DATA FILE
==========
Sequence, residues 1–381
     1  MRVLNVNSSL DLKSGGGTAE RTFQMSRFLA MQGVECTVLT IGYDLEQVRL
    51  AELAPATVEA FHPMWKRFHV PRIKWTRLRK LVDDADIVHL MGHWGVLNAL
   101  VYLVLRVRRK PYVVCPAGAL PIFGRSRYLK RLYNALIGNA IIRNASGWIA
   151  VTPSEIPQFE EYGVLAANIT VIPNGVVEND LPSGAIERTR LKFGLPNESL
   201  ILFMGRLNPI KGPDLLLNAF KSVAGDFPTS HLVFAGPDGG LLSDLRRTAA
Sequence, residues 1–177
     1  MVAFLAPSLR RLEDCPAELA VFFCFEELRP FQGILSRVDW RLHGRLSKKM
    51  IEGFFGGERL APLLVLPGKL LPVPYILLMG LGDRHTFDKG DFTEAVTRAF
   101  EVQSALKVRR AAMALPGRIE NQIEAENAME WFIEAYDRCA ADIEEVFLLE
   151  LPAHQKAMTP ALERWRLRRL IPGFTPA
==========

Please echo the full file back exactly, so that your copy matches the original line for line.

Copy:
Sequence, residues 1–381
     1  MRVLNVNSSL DLKSGGGTAE RTFQMSRFLA MQGVECTVLT IGYDLEQVRL
    51  AELAPATVEA FHPMWKRFHV PRIKWTRLRK LVDDADIVHL MGHWGVLNAL
   101  VYLVLRVRRK PYVVCPAGAL PIFGRSRYLK RLYNALIGNA IIRNASGWIA
   151  VTPSEIPQFE EYGVLAANIT VIPNGVVEND LPSGAIERTR LKFGLPNESL
   201  ILFMGRLNPI KGPDLLLNAF KSVAGDFPTS HLVFAGPDGG LLSDLRRTAA
Sequence, residues 1–177
     1  MVAFLAPSLR RLEDCPAELA VFFCFEELRP FQGILSRVDW RLHGRLSKKM
    51  IEGFFGGERL APLLVLPGKL LPVPYILLMG LGDRHTFDKG DFTEAVTRAF
   101  EVQSALKVRR AAMALPGRIE NQIEAENAME WFIEAYDRCA ADIEEVFLLE
   151  LPAHQKAMTP ALERWRLRRL IPGFTPA